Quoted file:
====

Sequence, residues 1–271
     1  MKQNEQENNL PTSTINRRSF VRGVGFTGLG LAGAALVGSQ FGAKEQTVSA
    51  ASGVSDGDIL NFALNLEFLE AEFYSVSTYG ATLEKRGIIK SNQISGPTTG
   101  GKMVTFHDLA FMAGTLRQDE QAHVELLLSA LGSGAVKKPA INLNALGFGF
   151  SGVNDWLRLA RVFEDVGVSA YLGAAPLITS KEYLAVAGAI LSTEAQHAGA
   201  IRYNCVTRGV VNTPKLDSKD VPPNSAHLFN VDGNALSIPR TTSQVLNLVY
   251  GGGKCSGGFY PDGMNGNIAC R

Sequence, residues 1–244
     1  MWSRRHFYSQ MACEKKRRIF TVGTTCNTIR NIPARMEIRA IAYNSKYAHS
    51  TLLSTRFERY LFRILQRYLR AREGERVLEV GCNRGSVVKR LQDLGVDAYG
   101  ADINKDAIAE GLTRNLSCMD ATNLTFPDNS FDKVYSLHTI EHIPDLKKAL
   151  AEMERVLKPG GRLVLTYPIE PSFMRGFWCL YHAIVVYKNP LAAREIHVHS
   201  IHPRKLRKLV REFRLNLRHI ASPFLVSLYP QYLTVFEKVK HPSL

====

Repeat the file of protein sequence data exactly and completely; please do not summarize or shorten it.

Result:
Sequence, residues 1–271
     1  MKQNEQENNL PTSTINRRSF VRGVGFTGLG LAGAALVGSQ FGAKEQTVSA
    51  ASGVSDGDIL NFALNLEFLE AEFYSVSTYG ATLEKRGIIK SNQISGPTTG
   101  GKMVTFHDLA FMAGTLRQDE QAHVELLLSA LGSGAVKKPA INLNALGFGF
   151  SGVNDWLRLA RVFEDVGVSA YLGAAPLITS KEYLAVAGAI LSTEAQHAGA
   201  IRYNCVTRGV VNTPKLDSKD VPPNSAHLFN VDGNALSIPR TTSQVLNLVY
   251  GGGKCSGGFY PDGMNGNIAC R

Sequence, residues 1–244
     1  MWSRRHFYSQ MACEKKRRIF TVGTTCNTIR NIPARMEIRA IAYNSKYAHS
    51  TLLSTRFERY LFRILQRYLR AREGERVLEV GCNRGSVVKR LQDLGVDAYG
   101  ADINKDAIAE GLTRNLSCMD ATNLTFPDNS FDKVYSLHTI EHIPDLKKAL
   151  AEMERVLKPG GRLVLTYPIE PSFMRGFWCL YHAIVVYKNP LAAREIHVHS
   201  IHPRKLRKLV REFRLNLRHI ASPFLVSLYP QYLTVFEKVK HPSL